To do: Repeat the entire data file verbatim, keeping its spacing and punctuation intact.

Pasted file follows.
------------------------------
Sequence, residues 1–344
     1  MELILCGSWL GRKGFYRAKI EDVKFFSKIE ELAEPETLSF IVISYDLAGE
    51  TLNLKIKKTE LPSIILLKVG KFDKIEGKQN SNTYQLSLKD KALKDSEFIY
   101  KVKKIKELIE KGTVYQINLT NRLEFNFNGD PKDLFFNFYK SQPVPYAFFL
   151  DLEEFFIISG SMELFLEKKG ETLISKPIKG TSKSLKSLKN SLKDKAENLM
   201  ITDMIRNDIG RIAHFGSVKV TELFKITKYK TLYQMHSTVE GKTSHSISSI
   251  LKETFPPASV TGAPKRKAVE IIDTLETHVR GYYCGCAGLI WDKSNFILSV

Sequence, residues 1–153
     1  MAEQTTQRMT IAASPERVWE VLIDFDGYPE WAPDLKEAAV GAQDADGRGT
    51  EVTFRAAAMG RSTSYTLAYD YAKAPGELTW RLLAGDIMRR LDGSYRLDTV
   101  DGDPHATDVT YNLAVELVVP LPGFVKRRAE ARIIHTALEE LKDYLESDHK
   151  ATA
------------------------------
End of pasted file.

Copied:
Sequence, residues 1–344
     1  MELILCGSWL GRKGFYRAKI EDVKFFSKIE ELAEPETLSF IVISYDLAGE
    51  TLNLKIKKTE LPSIILLKVG KFDKIEGKQN SNTYQLSLKD KALKDSEFIY
   101  KVKKIKELIE KGTVYQINLT NRLEFNFNGD PKDLFFNFYK SQPVPYAFFL
   151  DLEEFFIISG SMELFLEKKG ETLISKPIKG TSKSLKSLKN SLKDKAENLM
   201  ITDMIRNDIG RIAHFGSVKV TELFKITKYK TLYQMHSTVE GKTSHSISSI
   251  LKETFPPASV TGAPKRKAVE IIDTLETHVR GYYCGCAGLI WDKSNFILSV

Sequence, residues 1–153
     1  MAEQTTQRMT IAASPERVWE VLIDFDGYPE WAPDLKEAAV GAQDADGRGT
    51  EVTFRAAAMG RSTSYTLAYD YAKAPGELTW RLLAGDIMRR LDGSYRLDTV
   101  DGDPHATDVT YNLAVELVVP LPGFVKRRAE ARIIHTALEE LKDYLESDHK
   151  ATA